I lecture at genealogical conferences and other meetings around the U.S. Your group will love my informative and entertaining presentations! Please contact me about specific dates and speaking fees. Now available: all-day lecture series–you pick which 4 lectures! For travel past metro Cleveland, Ohio, travel and hotel accommodations must be included. For beginner lectures, please scroll to the bottom of the page.
Comparing “The Big 4:” Ancestry.com, FamilySearch.org, Findmypast.com and MyHeritage.com. These “genealogy giants” all provide international audiences with tools and records for researching family trees online. But which should you use? Learn why you should be familiar with all four sites; subscription and free access options; and how they compare for overall historical, tree and DNA record content. See general geographic strengths and how to find specific geographic content on each, as well as my favorite features and cautions/challenges for working with each. You’ll also get a suggestion for building your “master family tree” securely—and from more than one website. This was an extremely popular lecture at RootsTech 2017 and got a great review from Dick Eastman.
5 Ways to Facebook Your Family History. Use Facebook to share heritage with young and old relatives! This lecture demonstrates successful ways I’ve used Facebook to connect more meaningfully with kin, ask genealogy research questions, share discoveries, honor deceased relatives and even plan a family reunion. The handout includes a helpful how-to mini-manual to help users learn to navigate Facebook more confidently and with better privacy controls.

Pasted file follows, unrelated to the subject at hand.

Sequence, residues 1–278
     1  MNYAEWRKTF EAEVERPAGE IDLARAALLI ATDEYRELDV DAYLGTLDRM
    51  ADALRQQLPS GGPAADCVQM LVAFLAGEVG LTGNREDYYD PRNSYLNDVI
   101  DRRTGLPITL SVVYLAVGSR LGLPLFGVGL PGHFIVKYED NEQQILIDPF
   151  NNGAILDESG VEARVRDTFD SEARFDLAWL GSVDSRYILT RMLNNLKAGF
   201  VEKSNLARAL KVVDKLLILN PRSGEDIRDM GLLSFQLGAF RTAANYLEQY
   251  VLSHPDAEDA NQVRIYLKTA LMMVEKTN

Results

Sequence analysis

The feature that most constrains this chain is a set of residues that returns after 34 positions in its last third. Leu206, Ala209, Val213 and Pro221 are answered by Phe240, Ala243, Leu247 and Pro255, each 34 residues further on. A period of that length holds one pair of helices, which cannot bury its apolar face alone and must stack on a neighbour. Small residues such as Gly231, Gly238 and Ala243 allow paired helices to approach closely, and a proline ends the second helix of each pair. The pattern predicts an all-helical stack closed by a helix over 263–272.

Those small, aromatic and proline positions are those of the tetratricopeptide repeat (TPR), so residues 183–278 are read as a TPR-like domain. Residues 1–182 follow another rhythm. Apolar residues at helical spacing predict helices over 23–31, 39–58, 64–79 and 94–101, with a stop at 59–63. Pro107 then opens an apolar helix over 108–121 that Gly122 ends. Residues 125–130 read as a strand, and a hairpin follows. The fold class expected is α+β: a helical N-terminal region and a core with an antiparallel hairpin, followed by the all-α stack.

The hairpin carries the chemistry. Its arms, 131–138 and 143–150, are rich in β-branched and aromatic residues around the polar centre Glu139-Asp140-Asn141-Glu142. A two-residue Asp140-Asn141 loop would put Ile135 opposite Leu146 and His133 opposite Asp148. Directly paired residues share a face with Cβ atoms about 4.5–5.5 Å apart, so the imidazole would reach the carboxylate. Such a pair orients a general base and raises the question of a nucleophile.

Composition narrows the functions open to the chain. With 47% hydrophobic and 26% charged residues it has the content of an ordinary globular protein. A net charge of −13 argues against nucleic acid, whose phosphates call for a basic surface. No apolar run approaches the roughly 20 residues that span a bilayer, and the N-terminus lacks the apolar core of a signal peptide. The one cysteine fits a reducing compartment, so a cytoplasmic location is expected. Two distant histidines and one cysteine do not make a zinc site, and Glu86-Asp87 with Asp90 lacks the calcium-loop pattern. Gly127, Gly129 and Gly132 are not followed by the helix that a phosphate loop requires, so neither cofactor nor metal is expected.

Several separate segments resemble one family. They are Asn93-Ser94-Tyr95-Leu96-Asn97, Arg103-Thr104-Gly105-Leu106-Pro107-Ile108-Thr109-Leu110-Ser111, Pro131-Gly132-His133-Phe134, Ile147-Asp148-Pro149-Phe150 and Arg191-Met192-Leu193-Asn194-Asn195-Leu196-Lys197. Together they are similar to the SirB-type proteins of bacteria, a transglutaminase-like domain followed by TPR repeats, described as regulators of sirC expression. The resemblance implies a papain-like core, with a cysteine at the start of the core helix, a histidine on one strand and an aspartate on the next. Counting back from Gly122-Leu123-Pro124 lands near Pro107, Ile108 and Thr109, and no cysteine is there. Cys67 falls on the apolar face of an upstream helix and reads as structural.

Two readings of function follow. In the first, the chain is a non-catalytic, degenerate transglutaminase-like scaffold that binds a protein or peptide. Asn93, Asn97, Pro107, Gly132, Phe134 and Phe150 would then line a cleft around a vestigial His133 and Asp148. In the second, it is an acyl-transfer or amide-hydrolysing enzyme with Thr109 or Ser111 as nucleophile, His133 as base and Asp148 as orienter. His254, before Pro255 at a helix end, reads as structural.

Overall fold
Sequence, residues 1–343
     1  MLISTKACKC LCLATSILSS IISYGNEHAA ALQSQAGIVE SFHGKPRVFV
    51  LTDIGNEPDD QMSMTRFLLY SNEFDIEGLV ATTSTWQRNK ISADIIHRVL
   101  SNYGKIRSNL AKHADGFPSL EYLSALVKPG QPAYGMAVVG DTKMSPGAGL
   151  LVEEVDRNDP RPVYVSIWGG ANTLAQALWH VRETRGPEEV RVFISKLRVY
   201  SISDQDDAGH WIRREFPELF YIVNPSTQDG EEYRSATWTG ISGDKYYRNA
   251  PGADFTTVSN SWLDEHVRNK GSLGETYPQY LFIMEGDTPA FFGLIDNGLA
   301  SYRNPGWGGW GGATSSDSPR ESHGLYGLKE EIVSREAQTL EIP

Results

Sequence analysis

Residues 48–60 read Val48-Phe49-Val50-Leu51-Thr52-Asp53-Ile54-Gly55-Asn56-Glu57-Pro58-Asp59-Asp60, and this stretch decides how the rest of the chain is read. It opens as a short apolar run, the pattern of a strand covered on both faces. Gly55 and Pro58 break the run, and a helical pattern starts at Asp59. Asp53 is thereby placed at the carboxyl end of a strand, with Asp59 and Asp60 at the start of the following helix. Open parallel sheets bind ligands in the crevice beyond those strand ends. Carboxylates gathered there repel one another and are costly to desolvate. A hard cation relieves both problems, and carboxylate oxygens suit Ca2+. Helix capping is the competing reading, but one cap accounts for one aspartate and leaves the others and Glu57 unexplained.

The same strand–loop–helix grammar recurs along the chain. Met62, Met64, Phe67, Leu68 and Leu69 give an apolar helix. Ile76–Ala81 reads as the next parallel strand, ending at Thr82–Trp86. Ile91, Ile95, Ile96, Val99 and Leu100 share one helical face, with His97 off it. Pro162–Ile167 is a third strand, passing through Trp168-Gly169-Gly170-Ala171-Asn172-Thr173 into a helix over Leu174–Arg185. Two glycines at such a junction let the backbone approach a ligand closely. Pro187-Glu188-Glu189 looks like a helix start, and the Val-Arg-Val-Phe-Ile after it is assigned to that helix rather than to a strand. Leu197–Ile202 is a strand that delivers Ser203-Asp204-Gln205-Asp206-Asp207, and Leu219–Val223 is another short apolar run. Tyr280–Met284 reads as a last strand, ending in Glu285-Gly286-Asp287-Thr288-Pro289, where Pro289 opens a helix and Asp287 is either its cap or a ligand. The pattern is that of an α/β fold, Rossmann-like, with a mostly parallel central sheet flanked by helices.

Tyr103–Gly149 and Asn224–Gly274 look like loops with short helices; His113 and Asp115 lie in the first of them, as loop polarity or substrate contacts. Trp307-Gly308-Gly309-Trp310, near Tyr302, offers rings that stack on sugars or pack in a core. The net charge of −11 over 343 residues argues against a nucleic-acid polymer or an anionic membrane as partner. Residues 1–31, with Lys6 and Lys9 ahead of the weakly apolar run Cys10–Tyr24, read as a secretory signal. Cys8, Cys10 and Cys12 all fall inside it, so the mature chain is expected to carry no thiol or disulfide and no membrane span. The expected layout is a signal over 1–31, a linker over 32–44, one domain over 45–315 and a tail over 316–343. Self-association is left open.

US CENSUS RECORDS
Going In-Depth with the US Census. The US census population schedules are some of the first records many researchers encounter. But many never learn to get the most out of census records. Learn how the instructions followed by census-takers can help you better interpret what they wrote. Learn tips for telling where exactly a family lived, what different abbreviations meant and how a census record can alert you to additional records you should search or a family structure that isn’t spelled out (like a second marriage). This is a great stand-alone lecture but also pairs well with the lecture below.
What’s So Special about Special Censuses? Learn to find and use fantastic “extras” from US censuses (1840-1910), many of which are now online: the Veterans, Mortality, Slave, Agriculture, Manufacturer and Social Statistics Schedules. These often reveal details about ancestors’ vital events, work, health, military service and communities, in the process pointing to additional records. This lively lecture shares the stories behind each of the special censuses–why the government gathered this information at this time–and offers clues that help you know when to look for an ancestor on a special census.
Why We Care Where Grandma Went to Church. U.S. church records can reveal ancestors’ vital events, family relationships and prior/subsequent residences (including overseas birthplaces!). From the author of the forthcoming book How to Find Your Family History in U.S. Church Records, learn what various types of church records look like, how to identify an ancestral church, locate extant records and access them.
“They Once Were Lost but Now are Found:” Using U.S. Church Records to Solve Genealogical Mysteries. Church records can be challenging to locate and access in the U.S. When are they worth your while? When you’re trying to answer specific kinds of questions. I’ll share lively case studies that use church records from various time periods, denominations and ethnic groups to address common types of research problems. (Excellent as a stand-alone lecture or a follow-up/combo lecture to the previous one.)